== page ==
When is a 'cut' not really a 'cut'?

It's not because you're dumb, or because you were passing notes when you should have been paying attention in math class. No, the kind of arithmetic they use in Washington confuses us because it's designed to.

"How is it possible that we can 'cut' federal spending by $2 trillion over the next 10 years, and yet federal spending will still increase over that time by $7.5 trillion?" asks Peter Ferrara, who served in the White House Office of Policy Development under President Reagan and as associate deputy attorney general under the first President Bush.

"Both parties tell us that the debt-limit deal includes $2 trillion in spending cuts, and the national media dutifully reports that those cuts are severe, yet the Congressional Budget Office tells us we are still on course for the national debt to increase by $8 trillion over the next 10 years," Mr. Ferrara reported Aug. 4 on the Forbes magazine website. "Why doesn't the discussion over the federal budget, spending and debt in Washington make any sense?"

The culprit is called "baseline budgeting."

"Here is how the hocus pocus works," explains Mr. Ferrara, who's currently director of Entitlement and Budget Policy for the Heartland Institute. "The CBO assumes a 'baseline' for federal spending over the next 10 years that includes federal spending increases of $9.5 trillion over that time. Any increase in those 10 years of less than $9.5 trillion will be reported by CBO as a cut in federal spending.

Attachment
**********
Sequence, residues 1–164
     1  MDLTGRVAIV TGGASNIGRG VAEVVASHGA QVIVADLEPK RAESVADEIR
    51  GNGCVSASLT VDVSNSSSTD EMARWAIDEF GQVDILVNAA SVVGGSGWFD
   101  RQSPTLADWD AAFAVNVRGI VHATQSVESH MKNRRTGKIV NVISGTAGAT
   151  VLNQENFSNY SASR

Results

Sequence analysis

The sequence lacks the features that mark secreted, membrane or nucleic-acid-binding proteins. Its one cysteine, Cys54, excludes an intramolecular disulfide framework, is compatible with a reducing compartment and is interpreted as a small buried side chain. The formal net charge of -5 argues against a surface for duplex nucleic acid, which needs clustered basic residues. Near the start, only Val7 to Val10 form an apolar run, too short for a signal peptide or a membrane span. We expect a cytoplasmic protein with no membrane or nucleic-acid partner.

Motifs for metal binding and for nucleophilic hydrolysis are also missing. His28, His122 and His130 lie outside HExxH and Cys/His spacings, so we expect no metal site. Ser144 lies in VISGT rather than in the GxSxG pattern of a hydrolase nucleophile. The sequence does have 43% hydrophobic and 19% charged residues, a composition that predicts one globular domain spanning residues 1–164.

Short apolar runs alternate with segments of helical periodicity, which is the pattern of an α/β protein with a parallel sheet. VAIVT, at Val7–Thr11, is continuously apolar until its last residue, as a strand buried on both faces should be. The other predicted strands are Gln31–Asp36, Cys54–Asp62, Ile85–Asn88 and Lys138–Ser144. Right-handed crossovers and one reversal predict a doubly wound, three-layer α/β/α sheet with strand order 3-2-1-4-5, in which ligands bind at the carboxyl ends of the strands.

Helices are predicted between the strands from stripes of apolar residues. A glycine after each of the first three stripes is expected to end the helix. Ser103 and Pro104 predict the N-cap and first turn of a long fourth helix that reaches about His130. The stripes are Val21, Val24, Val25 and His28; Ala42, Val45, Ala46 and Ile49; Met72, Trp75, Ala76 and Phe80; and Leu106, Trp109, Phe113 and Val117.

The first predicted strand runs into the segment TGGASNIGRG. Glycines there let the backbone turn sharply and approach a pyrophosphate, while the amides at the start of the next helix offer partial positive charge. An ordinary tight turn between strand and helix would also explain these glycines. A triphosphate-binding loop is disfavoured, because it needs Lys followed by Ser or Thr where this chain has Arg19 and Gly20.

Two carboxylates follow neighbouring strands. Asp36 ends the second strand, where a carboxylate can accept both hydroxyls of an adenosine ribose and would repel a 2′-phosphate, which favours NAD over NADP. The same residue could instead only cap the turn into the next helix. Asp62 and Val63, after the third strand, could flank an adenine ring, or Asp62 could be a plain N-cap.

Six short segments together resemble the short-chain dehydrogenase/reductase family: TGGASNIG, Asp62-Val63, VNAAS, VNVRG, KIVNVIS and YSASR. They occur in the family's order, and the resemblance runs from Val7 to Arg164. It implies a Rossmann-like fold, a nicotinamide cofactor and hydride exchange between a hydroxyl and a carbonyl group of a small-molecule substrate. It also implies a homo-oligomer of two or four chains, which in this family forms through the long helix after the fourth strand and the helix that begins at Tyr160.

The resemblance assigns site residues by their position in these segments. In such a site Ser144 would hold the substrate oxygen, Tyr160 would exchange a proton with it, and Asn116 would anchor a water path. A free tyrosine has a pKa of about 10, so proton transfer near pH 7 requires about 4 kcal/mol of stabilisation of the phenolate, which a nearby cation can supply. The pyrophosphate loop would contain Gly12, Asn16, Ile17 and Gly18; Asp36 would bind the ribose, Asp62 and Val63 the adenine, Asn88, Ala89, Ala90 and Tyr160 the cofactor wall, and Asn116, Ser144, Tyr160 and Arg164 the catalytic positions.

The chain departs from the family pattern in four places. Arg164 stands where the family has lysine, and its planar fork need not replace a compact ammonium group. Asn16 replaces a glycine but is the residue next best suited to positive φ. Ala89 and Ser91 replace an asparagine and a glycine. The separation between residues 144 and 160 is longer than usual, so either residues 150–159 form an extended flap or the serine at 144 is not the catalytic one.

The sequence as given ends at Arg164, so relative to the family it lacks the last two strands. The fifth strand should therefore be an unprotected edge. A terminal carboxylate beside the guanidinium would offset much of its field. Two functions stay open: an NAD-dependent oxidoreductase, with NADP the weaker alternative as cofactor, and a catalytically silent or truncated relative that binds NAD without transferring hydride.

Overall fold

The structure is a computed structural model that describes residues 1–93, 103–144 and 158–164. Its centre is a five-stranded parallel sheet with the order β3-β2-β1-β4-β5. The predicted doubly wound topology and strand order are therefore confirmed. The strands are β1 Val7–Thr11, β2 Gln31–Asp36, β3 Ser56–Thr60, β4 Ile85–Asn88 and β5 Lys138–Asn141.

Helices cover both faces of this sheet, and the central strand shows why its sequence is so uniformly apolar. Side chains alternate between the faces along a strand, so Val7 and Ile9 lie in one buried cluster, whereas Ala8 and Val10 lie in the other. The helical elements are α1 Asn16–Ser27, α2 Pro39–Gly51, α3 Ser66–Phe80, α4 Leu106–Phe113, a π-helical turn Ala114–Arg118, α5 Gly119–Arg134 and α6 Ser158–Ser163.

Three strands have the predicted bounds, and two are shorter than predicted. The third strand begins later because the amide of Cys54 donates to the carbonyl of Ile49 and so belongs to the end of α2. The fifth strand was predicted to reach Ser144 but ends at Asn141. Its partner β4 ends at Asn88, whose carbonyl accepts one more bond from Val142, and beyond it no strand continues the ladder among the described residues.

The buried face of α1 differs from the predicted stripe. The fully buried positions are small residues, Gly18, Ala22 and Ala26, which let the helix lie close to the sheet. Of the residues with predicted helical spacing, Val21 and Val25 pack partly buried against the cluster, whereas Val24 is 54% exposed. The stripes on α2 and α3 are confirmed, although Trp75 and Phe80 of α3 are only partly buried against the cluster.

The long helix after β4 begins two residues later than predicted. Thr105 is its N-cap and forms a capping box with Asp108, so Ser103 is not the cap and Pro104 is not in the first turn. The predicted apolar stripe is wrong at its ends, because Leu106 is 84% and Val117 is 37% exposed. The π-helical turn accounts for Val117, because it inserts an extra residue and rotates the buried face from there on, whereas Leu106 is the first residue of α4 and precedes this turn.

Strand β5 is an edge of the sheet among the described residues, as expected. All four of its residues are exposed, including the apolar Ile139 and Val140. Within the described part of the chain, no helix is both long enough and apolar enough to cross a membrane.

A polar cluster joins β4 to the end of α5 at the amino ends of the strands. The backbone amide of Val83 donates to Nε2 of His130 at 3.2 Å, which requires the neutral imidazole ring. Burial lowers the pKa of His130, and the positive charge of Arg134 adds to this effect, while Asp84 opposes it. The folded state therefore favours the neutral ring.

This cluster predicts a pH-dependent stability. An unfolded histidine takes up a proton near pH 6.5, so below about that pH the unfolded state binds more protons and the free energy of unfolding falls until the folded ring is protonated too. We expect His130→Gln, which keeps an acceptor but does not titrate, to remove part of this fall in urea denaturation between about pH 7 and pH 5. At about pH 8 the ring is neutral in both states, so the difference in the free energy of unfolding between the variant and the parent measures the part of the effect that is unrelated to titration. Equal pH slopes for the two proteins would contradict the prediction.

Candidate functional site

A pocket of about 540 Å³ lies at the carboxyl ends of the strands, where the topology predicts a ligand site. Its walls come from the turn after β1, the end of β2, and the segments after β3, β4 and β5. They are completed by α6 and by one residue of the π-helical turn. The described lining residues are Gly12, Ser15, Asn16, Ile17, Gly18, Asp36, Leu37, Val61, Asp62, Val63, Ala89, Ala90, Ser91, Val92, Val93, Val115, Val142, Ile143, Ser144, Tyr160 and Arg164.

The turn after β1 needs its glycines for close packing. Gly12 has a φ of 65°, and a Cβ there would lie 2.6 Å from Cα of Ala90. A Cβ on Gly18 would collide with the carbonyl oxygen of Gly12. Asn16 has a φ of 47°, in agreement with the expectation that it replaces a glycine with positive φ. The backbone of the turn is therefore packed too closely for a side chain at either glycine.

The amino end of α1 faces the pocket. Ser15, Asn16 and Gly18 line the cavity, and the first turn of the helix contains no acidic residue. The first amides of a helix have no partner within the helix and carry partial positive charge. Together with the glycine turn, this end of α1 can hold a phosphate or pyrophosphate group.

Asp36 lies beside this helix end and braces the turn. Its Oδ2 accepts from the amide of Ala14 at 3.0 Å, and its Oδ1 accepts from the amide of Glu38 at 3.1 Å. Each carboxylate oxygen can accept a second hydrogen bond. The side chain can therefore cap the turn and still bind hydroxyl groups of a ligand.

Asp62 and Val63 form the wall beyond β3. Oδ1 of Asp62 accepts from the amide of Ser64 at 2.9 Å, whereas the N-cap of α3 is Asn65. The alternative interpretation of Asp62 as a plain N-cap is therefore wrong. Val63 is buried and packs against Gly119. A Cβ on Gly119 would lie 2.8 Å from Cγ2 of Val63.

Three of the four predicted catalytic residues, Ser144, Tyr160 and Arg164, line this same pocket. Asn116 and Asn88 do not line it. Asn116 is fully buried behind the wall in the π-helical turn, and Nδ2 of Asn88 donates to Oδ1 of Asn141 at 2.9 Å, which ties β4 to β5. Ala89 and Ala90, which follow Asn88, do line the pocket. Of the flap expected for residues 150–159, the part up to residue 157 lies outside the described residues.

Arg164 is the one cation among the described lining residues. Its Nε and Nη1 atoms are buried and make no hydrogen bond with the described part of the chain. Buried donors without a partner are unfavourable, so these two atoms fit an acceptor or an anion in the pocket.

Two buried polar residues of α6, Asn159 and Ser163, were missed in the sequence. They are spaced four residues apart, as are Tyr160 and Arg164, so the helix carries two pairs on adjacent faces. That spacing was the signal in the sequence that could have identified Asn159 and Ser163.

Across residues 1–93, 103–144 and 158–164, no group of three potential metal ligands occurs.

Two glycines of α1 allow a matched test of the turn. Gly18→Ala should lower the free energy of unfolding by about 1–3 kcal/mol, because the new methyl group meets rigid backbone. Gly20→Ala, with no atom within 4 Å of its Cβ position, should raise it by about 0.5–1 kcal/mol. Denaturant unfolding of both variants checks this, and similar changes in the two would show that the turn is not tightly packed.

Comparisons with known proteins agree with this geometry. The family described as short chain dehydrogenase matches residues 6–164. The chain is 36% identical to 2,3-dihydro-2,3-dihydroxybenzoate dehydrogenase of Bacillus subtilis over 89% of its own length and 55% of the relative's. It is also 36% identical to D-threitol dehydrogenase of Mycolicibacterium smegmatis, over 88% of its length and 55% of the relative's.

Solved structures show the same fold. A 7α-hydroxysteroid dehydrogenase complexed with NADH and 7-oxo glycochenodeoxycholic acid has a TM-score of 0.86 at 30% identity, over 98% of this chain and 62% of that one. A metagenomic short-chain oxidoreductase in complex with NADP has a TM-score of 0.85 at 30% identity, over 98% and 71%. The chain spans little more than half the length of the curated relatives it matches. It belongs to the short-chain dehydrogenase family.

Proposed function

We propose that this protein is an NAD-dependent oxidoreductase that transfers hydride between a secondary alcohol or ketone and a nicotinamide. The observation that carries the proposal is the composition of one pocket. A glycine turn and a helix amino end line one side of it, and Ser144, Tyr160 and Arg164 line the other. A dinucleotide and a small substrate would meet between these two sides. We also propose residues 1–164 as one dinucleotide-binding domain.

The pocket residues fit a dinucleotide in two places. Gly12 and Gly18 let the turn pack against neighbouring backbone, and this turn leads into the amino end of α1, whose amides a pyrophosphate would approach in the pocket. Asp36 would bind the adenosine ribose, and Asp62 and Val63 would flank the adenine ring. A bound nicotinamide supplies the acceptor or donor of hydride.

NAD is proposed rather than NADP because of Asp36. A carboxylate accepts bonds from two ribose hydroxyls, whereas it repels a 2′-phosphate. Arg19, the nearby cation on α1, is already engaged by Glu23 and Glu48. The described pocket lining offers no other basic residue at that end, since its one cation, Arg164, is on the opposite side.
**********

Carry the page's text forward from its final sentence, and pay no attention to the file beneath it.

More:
"If skinflint Republicans propose a budget with $8.5 trillion in spending increases over 10 years, the CBO will report that as an historic, unprecedented cut of $1 trillion in federal spending. The national media would then blare that the Republicans have proposed radical, severe, extreme budget cuts of $1 trillion, even though they are all the while actually increasing federal spending by $8.5 trillion.

"If Congress got some sense" and one day passed a budget that just spent next year the same as this year, and continued that into the future, with no spending increases, CBO would report that as "a spending cut of $9.5 trillion," explains Mr. Ferrara, author of the book "America's Ticking Bankruptcy Bomb."

Worst of all, though, is the fact that the public doesn't understand any of it, and so can't follow the budget debate. Whether federal spending is actually being cut or actually increasing rapidly is obscured completely by baseline budgeting.

As Mr. Ferrara suggests, the top tea party priority right now should be to replace baseline budgeting with "zero-based or family-style budgeting," under which the word "cut" could be used only if the government really spent less than it did last year.